Many crises cause societies to explore new opportunities, and the pandemic followed by a switch to the work-from-home (WFH) model is no exception. It is likely to accelerate underlying trends in urban living and enhance the quality of life for city-dwellers. Even though the pandemic isn’t over and no one really knows for sure what will come next, we have already been observing some emerging trends – how our living environment is set to change following the influence of teleworking; how the physical world will interact with the virtual; what technologies will empower these shifts; and what can be done to make this process safer.
Homes: fantastic info-workers and where to find them
Never before have so many people found themselves in such similar conditions at the same time, making the pandemic experience truly global. For the second year running, we are witnessing remote work taking place ‘en masse, and how different sectors of the economy have actually been boosted by the change. One of them is obviously e-commerce, with the process of visiting bricks-and-mortar stores more complicated. Pandemic measures worldwide have led to higher online parcel volumes, which has also been evidenced in a rise in delivery services. People are getting used to spending more time at home, so dark stores, food deliveries, and overall digitalisation of the commerce experience will continue to grow, making contactless payments the new norm.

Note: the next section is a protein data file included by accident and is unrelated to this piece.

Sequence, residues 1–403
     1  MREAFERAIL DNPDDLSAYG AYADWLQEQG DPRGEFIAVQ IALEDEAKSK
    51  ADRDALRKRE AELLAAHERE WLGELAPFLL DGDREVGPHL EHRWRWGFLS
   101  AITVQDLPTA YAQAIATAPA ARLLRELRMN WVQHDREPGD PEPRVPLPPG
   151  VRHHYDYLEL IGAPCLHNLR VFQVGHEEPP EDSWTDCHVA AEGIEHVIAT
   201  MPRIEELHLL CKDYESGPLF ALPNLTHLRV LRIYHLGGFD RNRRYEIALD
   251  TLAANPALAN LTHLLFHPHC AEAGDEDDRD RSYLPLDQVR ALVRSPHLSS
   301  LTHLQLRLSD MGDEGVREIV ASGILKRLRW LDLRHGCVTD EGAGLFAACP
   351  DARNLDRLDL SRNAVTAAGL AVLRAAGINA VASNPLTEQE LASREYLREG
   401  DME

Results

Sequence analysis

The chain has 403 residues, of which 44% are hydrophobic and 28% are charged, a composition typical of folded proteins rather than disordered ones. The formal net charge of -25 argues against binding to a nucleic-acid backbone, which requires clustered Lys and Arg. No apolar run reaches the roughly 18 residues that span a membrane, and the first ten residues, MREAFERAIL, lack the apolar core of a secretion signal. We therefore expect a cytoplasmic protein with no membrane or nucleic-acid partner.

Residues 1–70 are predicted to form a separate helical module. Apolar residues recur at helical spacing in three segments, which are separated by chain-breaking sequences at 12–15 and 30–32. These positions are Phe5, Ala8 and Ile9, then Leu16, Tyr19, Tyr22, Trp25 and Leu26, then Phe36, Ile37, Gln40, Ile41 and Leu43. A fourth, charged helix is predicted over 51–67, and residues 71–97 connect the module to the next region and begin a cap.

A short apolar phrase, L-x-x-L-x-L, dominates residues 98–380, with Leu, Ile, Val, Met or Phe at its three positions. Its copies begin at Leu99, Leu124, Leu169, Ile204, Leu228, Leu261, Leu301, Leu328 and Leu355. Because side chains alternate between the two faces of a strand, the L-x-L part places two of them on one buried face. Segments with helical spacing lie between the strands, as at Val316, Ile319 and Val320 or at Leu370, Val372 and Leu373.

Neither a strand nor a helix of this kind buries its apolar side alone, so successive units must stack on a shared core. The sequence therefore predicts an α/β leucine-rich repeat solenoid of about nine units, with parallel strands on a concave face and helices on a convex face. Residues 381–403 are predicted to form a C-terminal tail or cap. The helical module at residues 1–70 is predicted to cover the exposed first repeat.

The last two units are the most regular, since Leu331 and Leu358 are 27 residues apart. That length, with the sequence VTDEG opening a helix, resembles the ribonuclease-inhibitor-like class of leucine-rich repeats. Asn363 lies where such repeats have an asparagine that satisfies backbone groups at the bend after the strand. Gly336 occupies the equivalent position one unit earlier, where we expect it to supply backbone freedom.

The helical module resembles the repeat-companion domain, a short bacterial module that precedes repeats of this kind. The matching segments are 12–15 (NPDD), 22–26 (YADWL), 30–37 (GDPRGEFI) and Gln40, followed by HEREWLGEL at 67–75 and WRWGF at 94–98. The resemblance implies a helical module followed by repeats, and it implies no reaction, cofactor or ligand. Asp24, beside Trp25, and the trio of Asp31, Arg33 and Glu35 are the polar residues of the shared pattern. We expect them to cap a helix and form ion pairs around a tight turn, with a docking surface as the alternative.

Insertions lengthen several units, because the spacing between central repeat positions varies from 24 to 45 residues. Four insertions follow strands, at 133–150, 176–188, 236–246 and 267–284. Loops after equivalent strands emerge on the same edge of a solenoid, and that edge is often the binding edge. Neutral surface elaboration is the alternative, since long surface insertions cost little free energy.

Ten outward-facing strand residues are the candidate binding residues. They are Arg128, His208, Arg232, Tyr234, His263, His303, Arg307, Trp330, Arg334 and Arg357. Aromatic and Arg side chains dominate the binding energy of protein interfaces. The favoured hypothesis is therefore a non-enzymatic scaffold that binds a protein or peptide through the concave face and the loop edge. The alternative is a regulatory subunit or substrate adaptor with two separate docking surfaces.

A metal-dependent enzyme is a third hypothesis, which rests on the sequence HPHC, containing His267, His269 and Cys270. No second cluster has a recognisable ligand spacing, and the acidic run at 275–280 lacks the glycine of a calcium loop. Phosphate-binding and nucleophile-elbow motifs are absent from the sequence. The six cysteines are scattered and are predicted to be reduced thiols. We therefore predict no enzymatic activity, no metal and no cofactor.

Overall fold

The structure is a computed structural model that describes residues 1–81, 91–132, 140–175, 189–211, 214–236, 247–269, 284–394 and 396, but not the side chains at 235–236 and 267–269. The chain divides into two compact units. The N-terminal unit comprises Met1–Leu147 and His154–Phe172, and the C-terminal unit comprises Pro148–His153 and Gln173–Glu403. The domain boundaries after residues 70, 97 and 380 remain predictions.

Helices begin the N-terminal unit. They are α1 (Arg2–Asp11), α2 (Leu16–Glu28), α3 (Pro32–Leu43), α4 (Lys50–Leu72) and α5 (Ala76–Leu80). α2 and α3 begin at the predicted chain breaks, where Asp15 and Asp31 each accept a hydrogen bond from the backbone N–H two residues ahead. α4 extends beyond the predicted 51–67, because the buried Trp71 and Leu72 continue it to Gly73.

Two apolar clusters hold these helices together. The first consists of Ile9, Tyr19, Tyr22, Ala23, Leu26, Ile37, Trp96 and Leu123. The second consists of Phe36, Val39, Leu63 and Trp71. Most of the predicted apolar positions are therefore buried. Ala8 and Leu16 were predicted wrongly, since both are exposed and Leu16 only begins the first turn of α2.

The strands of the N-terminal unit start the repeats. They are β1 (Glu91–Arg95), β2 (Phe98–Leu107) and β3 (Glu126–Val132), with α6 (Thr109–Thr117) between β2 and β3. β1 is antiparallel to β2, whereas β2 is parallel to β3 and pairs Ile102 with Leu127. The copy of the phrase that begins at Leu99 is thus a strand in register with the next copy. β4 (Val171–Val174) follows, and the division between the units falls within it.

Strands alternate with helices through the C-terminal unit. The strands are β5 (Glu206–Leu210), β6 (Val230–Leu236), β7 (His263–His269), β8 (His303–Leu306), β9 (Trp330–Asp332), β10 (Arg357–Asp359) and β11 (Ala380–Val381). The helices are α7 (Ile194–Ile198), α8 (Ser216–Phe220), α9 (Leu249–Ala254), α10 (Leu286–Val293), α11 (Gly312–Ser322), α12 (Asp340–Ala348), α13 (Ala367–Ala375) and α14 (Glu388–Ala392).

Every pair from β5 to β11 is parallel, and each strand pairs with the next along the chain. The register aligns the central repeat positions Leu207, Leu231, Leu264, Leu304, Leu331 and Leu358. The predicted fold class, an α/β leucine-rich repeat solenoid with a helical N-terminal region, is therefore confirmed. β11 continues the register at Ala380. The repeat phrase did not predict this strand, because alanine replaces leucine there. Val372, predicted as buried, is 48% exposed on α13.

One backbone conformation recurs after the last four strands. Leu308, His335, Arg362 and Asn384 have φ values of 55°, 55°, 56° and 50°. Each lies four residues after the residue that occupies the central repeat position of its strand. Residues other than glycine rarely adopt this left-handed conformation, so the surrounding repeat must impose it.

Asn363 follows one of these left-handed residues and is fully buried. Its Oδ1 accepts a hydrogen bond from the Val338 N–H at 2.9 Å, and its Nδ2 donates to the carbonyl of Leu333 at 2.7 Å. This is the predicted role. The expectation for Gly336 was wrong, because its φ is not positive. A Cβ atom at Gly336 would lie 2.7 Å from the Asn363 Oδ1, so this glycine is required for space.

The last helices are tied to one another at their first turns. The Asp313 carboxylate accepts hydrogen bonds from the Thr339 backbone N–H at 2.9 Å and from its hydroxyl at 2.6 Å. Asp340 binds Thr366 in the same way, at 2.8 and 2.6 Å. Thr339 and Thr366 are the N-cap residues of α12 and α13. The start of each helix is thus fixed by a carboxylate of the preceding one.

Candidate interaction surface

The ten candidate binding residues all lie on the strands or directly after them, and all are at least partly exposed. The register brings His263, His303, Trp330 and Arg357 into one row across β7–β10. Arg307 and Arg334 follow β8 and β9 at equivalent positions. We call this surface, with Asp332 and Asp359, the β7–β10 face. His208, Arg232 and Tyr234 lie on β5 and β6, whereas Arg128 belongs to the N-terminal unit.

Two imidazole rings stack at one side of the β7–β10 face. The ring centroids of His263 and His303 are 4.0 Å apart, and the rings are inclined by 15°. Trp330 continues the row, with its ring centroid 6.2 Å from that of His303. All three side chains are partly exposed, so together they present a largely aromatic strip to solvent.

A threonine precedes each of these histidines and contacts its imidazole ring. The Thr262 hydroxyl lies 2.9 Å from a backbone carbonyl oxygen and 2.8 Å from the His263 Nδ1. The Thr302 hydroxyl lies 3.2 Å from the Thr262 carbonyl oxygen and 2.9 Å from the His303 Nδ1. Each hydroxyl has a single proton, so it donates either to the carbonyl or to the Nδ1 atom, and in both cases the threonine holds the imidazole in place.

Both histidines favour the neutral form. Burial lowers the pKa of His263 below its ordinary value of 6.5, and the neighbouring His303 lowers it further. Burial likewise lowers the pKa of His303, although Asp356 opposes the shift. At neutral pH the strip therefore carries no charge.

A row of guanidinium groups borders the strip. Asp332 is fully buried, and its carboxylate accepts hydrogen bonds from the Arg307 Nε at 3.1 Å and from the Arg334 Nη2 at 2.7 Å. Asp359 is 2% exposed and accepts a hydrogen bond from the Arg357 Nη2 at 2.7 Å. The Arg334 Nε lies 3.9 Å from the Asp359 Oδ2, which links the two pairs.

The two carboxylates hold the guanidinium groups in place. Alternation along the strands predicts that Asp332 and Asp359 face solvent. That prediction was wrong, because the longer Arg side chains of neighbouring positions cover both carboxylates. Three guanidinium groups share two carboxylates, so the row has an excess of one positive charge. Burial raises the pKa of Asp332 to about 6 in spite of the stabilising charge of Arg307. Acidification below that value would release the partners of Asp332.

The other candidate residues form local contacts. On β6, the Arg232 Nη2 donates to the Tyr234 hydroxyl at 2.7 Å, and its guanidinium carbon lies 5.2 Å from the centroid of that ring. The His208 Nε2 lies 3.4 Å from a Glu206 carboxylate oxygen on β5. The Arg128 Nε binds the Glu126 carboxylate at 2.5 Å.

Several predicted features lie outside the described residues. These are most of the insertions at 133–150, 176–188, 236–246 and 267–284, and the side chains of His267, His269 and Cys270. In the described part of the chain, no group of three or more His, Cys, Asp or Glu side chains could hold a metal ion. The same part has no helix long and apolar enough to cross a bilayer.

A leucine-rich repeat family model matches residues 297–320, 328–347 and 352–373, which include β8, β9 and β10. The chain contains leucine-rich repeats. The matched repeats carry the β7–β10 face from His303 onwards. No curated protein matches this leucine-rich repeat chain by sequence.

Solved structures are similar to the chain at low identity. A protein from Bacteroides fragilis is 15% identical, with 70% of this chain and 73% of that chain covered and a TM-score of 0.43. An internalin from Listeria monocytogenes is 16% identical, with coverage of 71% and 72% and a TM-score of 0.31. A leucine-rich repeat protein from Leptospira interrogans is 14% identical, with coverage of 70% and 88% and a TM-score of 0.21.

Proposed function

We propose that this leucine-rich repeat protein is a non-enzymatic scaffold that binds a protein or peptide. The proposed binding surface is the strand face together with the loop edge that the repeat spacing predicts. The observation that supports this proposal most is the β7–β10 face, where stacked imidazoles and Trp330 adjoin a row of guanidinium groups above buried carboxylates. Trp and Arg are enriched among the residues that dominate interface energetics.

Urban life varies greatly depending on the patterns of work, leisure, and consumption of citizens. With most of us living and working at home, COVID-19 has become a catalyst for the acceleration of intelligent buildings and smart home technologies that were already being implemented into the real estate industry. Today, things like keyless entry, voice-activated elevators, digital room service, remote notarisations, and valet parking are getting even more valuable, as consumers embrace this trend for hands-off technology to be brought into every home. This seamless fusion of the digital and physical worlds can be secured through technologies that take a ‘cyber immune’ approach.
In terms of the personal security of smart homes, certain secure elements are essential – like correctly configuring home Wi-Fi networks or protecting devices and control panels with a strong unique password. That way, an attacker will not be able to simply brute force the ‘key’ to users’ homes.
As digital penetration grows, consumers are implementing new habits and precautions daily. According to a recent research, 48% of online users protect a Wi-Fi network with a password, 58% are currently using internet security software (excluding built-in software) and the majority (65%) agree that antivirus software is required for good ‘digital hygiene’ – just like washing your hands before eating.
Offices: what the workplace of the future will look like
Millions of white-collar employees who have been enjoying the opportunity to work from anywhere have encountered the need to create a virtual office at home, where they can fully concentrate. And, as the world starts to consider the hybrid work model, most workers will be likely heading to the office just two or three days a week. This all affects commercial real estate with new open office layouts with meeting rooms, small private offices, hot desks, and co-working spaces.